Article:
Yu Darvish: Why He Will Be the Next Big Thing in Baseball

Nick Carlo@@carlo2612Analyst IIDecember 19, 2011

Yu Darvish is somewhat of a legend in Japan. At the ripe age of 25, Darvish has been somewhat of a larger-than-life figure in his country. The gem of the Nippon-Ham Fighters looks as if he will soon be leaving the Fighters and making his way to North America.

The rights to negotiate with Darvish began Wednesday. A handful of teams submitted offers. The Cubs and Yankees were said to submit offers, but reports have said those two teams did not win the bid. It is believed that the Rangers or Blue Jays won the bid, according to SportsNews.com.

Rumors circulated this past weekend that the Blue Jays have submitted a winning bid worth $48 million (via Business Insider). That report was disputed when a rumor that Darvish's winning bid was higher than Daisuke Matsuzaka's $51.1 million bid surfaced.

No one knows what sources to believe, but we will find out who won the bid this evening. As mentioned before, the speculation around this situation suggests that the Blue Jays or Rangers will win the bid. Those reports will prove to be true or false tomorrow.

Regardless of which team lands Darvish, he will have an immense amount of hype to live up to. Darvish is expected to immediately become one of baseball's best pitchers in the game. Some people don't believe Darvish will be great in this league. Some even take it as far as to comparing him to Matsuzaka.

Darvish and Matsuzaka seem very similar at a glance, but a deep look into their statistics reveals a lot. Like Matsuzaka, Darvish will be making his MLB debut as a 25-year-old. That's where the similarities stop.


LOS ANGELES - MARCH 23:  Relief pitcher Yu Darvish #11 of Japan reacts after getting the final out against Korea during the finals of the 2009 World Baseball Classic on March 23, 2009 at Dodger Stadium in Los Angeles, California. (Photo by Stephen Dunn/Ge
Stephen Dunn/Getty Images





Darvish's stats blow Matsuzaka's away. Darvish's highest ERA in his career was 1.88 in 2008. Matsuzaka's best ERA in Japan was his 2.13 ERA in 2006. So, in Darvish's worst year, ERA-wise, he still had a lower ERA than Matsuzaka in Matsuzaka's best season, ERA-wise.


Darvish has accomplished an amazing feat of posting a sub-2.00 ERA in each of his five seasons in Japan. The half-Japanese, half-Iranian pitcher's stats are phenomenal. His ERAs in Japan are 1.82, 1.88, 1.73, 1.78, and 1.44 respectively.

Darvish has also pitched more than 200 innings in four of his five seasons in Japan. He pitched 182 innings in 2009, the only year in which he did not accumulate 200 innings pitches. Darvish has been very healthy in Japan and has never suffered from any major injuries.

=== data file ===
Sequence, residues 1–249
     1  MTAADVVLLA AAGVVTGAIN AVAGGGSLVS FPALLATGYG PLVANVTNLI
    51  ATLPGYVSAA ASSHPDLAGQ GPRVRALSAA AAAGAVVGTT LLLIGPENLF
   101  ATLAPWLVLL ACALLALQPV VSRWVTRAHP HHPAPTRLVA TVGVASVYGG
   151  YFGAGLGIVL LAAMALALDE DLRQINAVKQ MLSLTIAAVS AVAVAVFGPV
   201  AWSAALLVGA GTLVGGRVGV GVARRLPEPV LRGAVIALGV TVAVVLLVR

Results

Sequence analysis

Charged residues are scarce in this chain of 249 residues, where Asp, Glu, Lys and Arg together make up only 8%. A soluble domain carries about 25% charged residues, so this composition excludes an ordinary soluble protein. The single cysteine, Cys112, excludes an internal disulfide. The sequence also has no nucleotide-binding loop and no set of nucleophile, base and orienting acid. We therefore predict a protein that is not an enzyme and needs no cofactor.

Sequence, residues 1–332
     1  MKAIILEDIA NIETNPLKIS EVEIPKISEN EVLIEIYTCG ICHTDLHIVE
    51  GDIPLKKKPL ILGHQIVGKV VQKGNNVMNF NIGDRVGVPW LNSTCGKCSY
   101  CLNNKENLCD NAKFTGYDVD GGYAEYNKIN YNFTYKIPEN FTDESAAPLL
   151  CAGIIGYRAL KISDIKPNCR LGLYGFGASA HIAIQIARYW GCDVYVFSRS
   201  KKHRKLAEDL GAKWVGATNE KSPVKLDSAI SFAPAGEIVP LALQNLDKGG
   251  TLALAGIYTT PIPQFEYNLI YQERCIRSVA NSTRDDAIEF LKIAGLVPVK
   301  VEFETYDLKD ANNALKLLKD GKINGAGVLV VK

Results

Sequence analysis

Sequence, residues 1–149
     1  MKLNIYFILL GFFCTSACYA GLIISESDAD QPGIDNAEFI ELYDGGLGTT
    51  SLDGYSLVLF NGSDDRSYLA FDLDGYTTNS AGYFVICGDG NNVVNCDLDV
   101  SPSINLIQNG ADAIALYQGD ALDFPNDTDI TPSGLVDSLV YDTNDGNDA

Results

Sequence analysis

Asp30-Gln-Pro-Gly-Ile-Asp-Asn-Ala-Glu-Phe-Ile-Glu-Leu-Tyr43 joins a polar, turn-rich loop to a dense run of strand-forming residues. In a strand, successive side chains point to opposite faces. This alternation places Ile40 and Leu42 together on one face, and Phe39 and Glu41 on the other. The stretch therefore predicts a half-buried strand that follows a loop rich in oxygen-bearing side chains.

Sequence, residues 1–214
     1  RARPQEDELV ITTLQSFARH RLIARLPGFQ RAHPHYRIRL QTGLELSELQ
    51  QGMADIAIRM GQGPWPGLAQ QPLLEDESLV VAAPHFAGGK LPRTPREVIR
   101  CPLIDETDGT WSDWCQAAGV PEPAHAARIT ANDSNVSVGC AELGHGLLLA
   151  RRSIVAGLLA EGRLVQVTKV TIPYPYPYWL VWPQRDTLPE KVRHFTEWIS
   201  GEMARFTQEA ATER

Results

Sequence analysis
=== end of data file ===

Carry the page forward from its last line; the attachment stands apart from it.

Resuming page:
It should also be noted that Darvish's K/9 has risen in each of the past three seasons, and his BB/9 has decreased over the past three seasons.

Darvish has thrown 40 complete games in four seasons, along with nine shutouts. His sub-1.00 WHIP for his career is yet another amazing stat. Pair those stats with his career K/9 of 9.2 and his career BB/9 of 2.1, you know Darvish is something special.

This kid's stat line is just awe-inspiring. There is an amazing statistic for every column, and we all know statistics don't lie.

The Japanese leagues are said to be a notch below the talent of the MLB and tad bit higher than the talent level in Triple-A. That would suggest that Darvish would be capable of an ERA around 2.30-2.50 in the major leagues.



Darvish also has a great pitcher's body. At 6'5" and 185 pounds, he provides a good frame for a top-notch pitcher. He could put on some weight and become an even more muscular pitcher without sacrificing any of his athleticism.




The right-hander possesses a deep array of pitches. He's been said to throw a four-seamer, two-seamer, cut fastball, changeup, gyro ball and an occasional slider. Darvish's pitches have been said to all be plus pitches.


None are amazing, but each one is above average. He doesn't have overpowering pitches, but his command and movement help him dominate. He has a fastball that sits around 95, and it also has some tight, late break. He also controls it very well.

Darvish's curveball is a very slow one. He throws it at around 60 mph to keep hitters off balance. Darvish also possesses two sliders—one with a horizontal break and one with a vertical break.

Darvish is also an amazing fielder on top of all of his other skills. He has won Japan's equivalent to the Gold Glove several times, along with a couple of MVP awards.


Darvish is much better than any Japanese pitcher to ever come to North America. The comparisons of him to other Japanese pitchers are unfair. Most Japanese pitchers have turned out to be flops, but I strongly believe that Darvish will become one of the first Japanese pitchers to become extremely successful.

The young stud will be making his way to MLB this season, and fans are very excited to see him pitch. I expect him to be a fantastic No. 2 pitcher and possibly a solid ace down the line. I am looking forward to seeing Darvish pitch in MLB this season, and everyone else should be too. Expect Yu Darvish to set the baseball world ablaze.

Update: The Texas Rangers have won the bidding rights for Yu Darvish at $51.7 million. MLB has confirmed.